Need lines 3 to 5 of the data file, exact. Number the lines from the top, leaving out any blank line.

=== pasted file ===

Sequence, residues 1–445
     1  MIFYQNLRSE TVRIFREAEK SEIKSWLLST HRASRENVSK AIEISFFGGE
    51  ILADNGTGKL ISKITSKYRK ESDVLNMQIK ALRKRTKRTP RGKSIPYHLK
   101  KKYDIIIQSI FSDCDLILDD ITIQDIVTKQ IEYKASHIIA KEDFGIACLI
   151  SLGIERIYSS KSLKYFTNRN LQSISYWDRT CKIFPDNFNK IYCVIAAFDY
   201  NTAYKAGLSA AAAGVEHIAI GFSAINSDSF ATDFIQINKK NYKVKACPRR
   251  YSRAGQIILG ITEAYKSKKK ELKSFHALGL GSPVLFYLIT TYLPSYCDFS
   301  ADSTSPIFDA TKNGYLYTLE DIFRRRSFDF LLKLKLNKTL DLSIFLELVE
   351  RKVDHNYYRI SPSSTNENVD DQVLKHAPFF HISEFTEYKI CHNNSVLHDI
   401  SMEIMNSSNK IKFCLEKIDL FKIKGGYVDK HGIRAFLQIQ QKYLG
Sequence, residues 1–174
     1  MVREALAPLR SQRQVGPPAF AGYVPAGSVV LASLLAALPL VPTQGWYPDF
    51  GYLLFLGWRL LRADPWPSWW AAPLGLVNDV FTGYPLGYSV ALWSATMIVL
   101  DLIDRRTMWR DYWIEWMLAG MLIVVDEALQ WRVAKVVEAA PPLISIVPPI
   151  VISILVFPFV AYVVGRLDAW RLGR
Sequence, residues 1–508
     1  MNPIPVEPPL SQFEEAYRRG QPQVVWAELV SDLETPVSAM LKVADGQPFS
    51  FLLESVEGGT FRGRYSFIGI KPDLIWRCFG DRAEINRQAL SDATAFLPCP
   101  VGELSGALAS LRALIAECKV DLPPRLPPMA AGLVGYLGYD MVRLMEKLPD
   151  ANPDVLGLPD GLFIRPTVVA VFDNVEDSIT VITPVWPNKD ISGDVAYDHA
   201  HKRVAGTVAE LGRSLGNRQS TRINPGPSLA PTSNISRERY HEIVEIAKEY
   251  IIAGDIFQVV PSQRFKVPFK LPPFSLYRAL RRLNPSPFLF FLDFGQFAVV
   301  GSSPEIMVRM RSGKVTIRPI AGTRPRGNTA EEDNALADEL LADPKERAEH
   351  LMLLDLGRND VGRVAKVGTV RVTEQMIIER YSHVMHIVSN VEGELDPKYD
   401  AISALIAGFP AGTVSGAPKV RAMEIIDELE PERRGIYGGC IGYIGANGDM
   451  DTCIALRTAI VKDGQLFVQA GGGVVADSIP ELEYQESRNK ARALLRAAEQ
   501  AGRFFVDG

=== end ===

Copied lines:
    51  ILADNGTGKL ISKITSKYRK ESDVLNMQIK ALRKRTKRTP RGKSIPYHLK
   101  KKYDIIIQSI FSDCDLILDD ITIQDIVTKQ IEYKASHIIA KEDFGIACLI
   151  SLGIERIYSS KSLKYFTNRN LQSISYWDRT CKIFPDNFNK IYCVIAAFDY